Not my crime, still my sentence: Across Europe, some 2.1 million children have a parent in prison. They suffer emotional, social and economic difficulties and need targeted support. Regular contact with a parent in prison promotes resilience in children. Our teams accompany children on prison visits; provide advice and psychological support; train prison staff; listen to young people. We raise awareness in communities and schools and support the rights and needs of these hard-to-reach children.
The 2.1m children with a parent in prison in Europe can feel abandoned, isolated at school, disconnected from peers. Without support, they are vulnerable to exclusion, bullying, shame, and can feel like they're the only person in the world experiencing this. They learn to mask their emotions, retreat into themselves and often don't dare ask for support. Many lose touch with their parent; those who do visit can feel inhibited by the hostile prison setting and communication can break down.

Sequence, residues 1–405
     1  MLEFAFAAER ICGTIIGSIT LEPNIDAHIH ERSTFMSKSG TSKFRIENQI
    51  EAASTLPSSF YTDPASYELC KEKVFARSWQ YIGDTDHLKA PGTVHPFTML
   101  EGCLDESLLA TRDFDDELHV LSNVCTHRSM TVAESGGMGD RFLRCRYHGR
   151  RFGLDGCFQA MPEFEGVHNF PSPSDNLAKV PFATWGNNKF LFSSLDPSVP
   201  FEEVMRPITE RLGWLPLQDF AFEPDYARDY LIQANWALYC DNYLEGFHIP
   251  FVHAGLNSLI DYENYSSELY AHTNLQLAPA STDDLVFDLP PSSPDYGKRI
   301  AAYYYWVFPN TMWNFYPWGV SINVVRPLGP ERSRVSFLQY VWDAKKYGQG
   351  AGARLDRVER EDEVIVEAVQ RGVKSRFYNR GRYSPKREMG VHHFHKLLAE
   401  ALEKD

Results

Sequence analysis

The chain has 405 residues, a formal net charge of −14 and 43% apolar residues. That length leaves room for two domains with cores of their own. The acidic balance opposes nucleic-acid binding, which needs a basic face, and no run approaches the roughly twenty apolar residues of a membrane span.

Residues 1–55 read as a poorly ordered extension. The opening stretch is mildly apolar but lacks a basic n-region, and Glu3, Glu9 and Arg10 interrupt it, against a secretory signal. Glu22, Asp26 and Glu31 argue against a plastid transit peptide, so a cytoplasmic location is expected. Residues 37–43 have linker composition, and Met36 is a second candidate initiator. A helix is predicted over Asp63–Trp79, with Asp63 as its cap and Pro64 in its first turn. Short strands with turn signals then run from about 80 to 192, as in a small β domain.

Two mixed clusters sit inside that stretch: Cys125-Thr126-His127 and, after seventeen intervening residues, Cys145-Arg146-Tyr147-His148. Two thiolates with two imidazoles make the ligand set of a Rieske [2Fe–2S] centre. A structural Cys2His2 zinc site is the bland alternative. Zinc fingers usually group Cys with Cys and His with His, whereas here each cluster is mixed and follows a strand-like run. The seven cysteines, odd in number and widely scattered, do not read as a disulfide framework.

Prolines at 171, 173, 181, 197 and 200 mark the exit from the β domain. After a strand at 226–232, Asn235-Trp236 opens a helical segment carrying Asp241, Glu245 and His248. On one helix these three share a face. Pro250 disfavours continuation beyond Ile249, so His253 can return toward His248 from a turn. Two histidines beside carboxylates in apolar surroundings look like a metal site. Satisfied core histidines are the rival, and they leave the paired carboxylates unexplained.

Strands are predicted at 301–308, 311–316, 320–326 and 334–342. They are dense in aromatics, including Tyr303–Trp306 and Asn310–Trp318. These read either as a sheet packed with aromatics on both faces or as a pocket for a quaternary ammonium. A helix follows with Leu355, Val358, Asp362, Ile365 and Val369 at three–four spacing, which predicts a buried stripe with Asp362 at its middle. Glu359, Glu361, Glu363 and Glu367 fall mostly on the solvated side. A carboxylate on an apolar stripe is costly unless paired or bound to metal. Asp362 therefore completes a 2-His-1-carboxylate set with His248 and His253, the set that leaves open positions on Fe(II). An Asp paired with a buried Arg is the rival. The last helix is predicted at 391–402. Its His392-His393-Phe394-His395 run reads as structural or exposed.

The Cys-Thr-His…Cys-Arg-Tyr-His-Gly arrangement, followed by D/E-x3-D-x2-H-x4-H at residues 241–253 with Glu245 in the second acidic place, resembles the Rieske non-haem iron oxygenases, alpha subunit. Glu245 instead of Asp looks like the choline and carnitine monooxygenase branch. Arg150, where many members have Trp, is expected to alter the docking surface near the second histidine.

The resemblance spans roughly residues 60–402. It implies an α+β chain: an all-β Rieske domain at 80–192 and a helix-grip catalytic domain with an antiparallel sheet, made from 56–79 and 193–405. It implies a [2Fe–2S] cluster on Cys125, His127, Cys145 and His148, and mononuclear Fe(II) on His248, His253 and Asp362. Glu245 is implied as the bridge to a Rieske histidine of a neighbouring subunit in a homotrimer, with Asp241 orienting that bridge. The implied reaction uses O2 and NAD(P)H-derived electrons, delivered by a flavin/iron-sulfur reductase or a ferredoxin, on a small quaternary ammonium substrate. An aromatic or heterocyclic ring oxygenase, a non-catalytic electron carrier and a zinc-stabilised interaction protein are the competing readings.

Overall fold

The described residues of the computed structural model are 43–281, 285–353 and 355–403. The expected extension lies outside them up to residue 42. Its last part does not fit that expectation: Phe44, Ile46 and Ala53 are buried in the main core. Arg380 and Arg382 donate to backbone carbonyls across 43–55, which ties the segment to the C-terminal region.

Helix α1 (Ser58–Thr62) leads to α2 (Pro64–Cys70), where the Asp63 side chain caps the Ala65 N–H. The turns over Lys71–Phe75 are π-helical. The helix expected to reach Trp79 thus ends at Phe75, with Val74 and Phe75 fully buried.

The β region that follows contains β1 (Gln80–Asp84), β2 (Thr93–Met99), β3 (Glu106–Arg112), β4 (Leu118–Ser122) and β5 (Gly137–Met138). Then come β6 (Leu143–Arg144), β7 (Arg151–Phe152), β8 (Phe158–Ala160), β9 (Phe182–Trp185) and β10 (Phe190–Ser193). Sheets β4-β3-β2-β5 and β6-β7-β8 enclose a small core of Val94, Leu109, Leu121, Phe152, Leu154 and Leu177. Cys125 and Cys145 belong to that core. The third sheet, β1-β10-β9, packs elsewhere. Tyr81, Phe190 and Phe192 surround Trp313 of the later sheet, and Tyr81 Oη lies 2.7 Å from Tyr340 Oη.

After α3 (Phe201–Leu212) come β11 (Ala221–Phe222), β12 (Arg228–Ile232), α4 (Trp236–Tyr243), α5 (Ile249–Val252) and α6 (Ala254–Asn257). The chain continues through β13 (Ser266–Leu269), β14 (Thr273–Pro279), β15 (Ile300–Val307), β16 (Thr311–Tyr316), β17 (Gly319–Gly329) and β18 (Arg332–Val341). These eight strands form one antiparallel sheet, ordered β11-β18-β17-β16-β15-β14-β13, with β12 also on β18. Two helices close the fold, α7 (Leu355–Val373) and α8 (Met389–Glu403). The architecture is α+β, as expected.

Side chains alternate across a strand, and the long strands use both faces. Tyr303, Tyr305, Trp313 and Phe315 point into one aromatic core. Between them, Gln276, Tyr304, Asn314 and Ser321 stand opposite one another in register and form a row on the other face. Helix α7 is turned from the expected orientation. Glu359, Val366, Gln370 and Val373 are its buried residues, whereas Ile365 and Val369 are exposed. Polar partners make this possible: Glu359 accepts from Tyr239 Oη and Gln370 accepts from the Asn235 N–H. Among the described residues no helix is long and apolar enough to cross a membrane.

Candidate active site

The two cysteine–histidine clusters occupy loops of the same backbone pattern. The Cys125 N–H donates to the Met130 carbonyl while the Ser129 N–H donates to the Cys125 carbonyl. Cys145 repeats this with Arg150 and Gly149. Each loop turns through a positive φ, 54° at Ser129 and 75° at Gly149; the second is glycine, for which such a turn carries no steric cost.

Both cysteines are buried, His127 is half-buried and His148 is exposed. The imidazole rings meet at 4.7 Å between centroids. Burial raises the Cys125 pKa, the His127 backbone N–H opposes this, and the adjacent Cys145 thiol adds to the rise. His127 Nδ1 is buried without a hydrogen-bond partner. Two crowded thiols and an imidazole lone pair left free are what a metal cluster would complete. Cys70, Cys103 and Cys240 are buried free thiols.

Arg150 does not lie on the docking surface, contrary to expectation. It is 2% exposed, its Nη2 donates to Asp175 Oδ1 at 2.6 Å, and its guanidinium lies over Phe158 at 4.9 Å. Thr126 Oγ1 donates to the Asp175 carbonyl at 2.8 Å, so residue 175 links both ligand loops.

Support initiatives for these children are lacking. We work with people who have a direct impact on their lives (e.g., teachers, prison staff, police) to help them meet their needs. Teachers can reduce bullying and discrimination, prisons can reduce violence and hostility for kids visiting parents, police can protect children during a parent's violence arrest. But they need to know how. We reach out to them to ensure kids remain protected and connected, and get the support they need.
With targeted support, prisoners' children show greater resilience; are less likely to go to prison themselves; and have a healthier relationship with both parents. Through our work, we can reach the 2.1 million children impacted across Europe and foster preventive nurturing with long-term effects, helping them live healthy, positive lives and reach their full potential. Raising awareness is the first step in changing attitudes; changing attitudes is the first step in changing lives.